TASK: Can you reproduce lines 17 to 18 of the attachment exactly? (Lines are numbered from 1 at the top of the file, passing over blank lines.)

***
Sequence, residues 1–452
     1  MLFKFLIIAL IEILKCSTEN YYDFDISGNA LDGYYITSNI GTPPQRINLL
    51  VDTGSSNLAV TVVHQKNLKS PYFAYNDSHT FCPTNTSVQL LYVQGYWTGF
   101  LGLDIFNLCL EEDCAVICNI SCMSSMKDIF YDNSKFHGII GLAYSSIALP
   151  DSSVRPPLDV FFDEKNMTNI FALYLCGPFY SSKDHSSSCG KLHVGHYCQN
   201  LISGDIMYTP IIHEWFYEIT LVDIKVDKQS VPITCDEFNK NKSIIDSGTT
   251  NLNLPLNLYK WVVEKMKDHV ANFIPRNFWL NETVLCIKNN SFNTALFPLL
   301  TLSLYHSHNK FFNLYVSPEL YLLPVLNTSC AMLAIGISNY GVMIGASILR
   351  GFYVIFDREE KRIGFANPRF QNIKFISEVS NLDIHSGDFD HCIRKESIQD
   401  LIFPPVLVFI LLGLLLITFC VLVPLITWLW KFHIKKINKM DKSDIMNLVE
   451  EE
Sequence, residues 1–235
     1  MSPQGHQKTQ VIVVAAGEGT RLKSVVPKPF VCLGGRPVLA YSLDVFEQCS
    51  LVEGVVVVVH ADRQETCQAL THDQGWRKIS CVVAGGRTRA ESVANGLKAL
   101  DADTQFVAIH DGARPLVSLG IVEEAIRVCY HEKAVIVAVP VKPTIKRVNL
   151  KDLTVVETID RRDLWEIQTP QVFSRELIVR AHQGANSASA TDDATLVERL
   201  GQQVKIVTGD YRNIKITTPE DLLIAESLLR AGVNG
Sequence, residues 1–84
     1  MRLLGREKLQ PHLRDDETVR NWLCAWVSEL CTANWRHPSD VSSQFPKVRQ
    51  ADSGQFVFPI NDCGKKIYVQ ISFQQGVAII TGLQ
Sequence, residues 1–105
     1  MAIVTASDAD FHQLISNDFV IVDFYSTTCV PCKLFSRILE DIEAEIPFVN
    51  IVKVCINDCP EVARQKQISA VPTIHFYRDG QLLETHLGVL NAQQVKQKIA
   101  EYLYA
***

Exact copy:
   201  GQQVKIVTGD YRNIKITTPE DLLIAESLLR AGVNG
Sequence, residues 1–84